More than four years after its launch, the Manhattan district attorney’s long-running criminal investigation into Donald Trump is potentially about to produce the first criminal indictment filed against a former US president.
District Attorney Alvin Bragg’s office has been presenting evidence before a grand jury since January. The panel is believed to be hearing about the infamous payment of $130,000 in hush money to porn star Stormy Daniels to buy her silence about an extramarital date with Trump.
Sources close to the investigation say the prosecutor is exploring whether Trump committed felonies by reimbursing his mediator Michael Cohen for paying Daniels on the eve of the 2016 presidential election to help secure victory. Cohen went to prison for payment, his federal case details how he executed him when Daniels was ready to make their accusations public she slept with Trump in 2006 at a charity golf tournament in Lake Tahoe.
Bragg’s office has kept quiet about the confidential grand jury investigation, and it is not known whether the panel of New Yorkers will vote to indict Trump. The former president has speculated that his arrest is imminent, but sources with direct knowledge say he has not been notified of any charges stemming from the ongoing investigation.
But recent testimony from Cohen, a grand jury invitation extended to Trump which he declined, and prosecutors who interviewed Daniels, Kellyanne Conway, Hope Hicks and several Trump associates connected to the hush money deal have inflamed speculation that the prosecutor is about to decide whether to indict Trump once and for all.
The potential charges come after a lengthy investigation exploring hush money and Trump’s allegedly illegal business practices.
The expansive inquiry reached the US Supreme Court twice, with the Trump-appointed heavyweight panel bringing down the president both times – and branched out into criminal tax fraud cases against the Trump Organization and its chief financial officer Allen Weisselberg. The company was fined $1.6 million in January after his conviction at trial, and Weisselberg is serving a five-month jail sentence at Rikers.
Bragg’s predecessor, Cyrus Vance Jr., launched the investigation shortly after Cohen’s 2018 federal conviction for tax evasion, making illegal campaign contributions and lying to Congress and a financial institution. After his guilty plea, Cohen continued to sing, showing lawmakers checks signed by Trump as reimbursement for paying Daniels when he testified in court. house monitoring committee.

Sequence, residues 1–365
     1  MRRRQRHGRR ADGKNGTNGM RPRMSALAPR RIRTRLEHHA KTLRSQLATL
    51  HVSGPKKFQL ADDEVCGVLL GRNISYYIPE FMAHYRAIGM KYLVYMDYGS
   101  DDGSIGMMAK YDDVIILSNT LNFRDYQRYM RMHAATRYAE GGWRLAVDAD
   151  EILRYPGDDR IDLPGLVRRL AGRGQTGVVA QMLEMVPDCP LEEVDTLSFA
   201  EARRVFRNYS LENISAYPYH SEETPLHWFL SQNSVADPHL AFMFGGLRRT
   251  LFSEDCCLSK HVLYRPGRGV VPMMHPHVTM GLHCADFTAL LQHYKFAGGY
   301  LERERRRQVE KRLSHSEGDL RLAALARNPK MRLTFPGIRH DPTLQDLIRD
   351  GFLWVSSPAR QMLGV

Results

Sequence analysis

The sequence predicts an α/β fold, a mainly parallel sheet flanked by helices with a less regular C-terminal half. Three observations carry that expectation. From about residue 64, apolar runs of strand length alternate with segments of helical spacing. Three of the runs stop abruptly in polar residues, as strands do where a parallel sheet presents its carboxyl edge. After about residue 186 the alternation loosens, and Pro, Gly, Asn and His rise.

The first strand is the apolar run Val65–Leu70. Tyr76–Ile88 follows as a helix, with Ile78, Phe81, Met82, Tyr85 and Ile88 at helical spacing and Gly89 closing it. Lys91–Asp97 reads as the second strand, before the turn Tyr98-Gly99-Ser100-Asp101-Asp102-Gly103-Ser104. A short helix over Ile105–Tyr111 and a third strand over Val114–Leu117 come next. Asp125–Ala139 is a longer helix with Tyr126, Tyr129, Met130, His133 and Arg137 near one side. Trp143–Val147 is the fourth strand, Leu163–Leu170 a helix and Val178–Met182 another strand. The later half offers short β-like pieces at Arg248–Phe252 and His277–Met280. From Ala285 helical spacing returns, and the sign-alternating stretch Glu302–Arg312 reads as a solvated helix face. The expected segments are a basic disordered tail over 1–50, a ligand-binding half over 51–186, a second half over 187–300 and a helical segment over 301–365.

During legal battles for Trump’s taxes, Vance’s office revealed that the investigation was also exploring Cohen’s allegations that Trump, for years, savagely manipulated the value of assets such as golf clubs, resorts and skyscrapers by hundreds of millions of dollars to get better loans and tax breaks.
The New York attorney general’s office finally brought the case for large-scale financial fraud against Trump and his adult sons, all company executives, in a $250 million civil lawsuit filed in September.
Attorney General Letitia James’ lawsuit accuses Trump of inflating his net worth by more than $1 billion and routinely engaging in rampant tax fraud, bank fraud and business fraud as head of the Trump Organization. James had two investigators attached to the Manhattan district attorney’s investigation.
It remains to be seen why Bragg decided to refocus on the more salacious element of expansive research, or if he abandoned other areas altogether.
When he took office in early 2022, the DA’s different approach to his predecessor came under scrutiny when investigators hired by Vance resigned in protest, alleging that Bragg was refusing to authorize an indictment against Trump despite evidence that he had broken the law.
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The grand jury testimony is confidential, but the hush money deal has long been public knowledge. According to Cohen’s 2018 guilty plea, Trump ordered him to pay Daniels “for the primary purpose of influencing the election,” and Cohen drew the money from a home equity line of credit and wired it to Daniels via a fictitious company.
Trump got the bill after he became president, reimbursing Cohen with interest on monthly checks totaling $420,000 at the end of 2017, according to the feds’ case. Cohen then falsely billed the company for a “retainer agreement” that the Trump Organization falsely recorded on its books as “legal expenses.”
When Bragg came under pressure last spring to explain his strategies in the Trump investigation, the prosecutor insisted that she was still alive and would communicate with the American people once a decision to indict Trump was made.
“I unequivocally promise that the Bureau will publicly declare the conclusion of our investigation, whether we conclude our work without filing charges or move forward with an indictment,” Bragg said in April.
On Saturday, Trump said he expects that conclusion to come as soon as this week, then called on his supporters to “outcry” his arrest.